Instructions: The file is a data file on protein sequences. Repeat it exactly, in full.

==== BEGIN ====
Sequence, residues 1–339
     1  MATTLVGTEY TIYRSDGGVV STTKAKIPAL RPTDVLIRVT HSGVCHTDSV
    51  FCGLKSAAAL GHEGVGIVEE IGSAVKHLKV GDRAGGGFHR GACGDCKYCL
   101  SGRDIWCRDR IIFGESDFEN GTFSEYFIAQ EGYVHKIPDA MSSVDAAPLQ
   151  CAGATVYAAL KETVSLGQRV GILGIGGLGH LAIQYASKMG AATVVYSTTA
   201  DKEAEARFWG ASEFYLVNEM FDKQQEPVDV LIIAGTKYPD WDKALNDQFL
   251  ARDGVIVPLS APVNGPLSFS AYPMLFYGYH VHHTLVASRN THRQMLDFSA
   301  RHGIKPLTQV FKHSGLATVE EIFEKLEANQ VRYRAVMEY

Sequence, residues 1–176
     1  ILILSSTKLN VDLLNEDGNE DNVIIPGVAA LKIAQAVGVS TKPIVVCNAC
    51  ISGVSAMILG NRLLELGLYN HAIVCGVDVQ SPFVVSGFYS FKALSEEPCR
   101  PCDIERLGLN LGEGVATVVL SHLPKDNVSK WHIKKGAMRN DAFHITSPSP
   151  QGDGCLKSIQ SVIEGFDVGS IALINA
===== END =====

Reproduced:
Sequence, residues 1–339
     1  MATTLVGTEY TIYRSDGGVV STTKAKIPAL RPTDVLIRVT HSGVCHTDSV
    51  FCGLKSAAAL GHEGVGIVEE IGSAVKHLKV GDRAGGGFHR GACGDCKYCL
   101  SGRDIWCRDR IIFGESDFEN GTFSEYFIAQ EGYVHKIPDA MSSVDAAPLQ
   151  CAGATVYAAL KETVSLGQRV GILGIGGLGH LAIQYASKMG AATVVYSTTA
   201  DKEAEARFWG ASEFYLVNEM FDKQQEPVDV LIIAGTKYPD WDKALNDQFL
   251  ARDGVIVPLS APVNGPLSFS AYPMLFYGYH VHHTLVASRN THRQMLDFSA
   301  RHGIKPLTQV FKHSGLATVE EIFEKLEANQ VRYRAVMEY

Sequence, residues 1–176
     1  ILILSSTKLN VDLLNEDGNE DNVIIPGVAA LKIAQAVGVS TKPIVVCNAC
    51  ISGVSAMILG NRLLELGLYN HAIVCGVDVQ SPFVVSGFYS FKALSEEPCR
   101  PCDIERLGLN LGEGVATVVL SHLPKDNVSK WHIKKGAMRN DAFHITSPSP
   151  QGDGCLKSIQ SVIEGFDVGS IALINA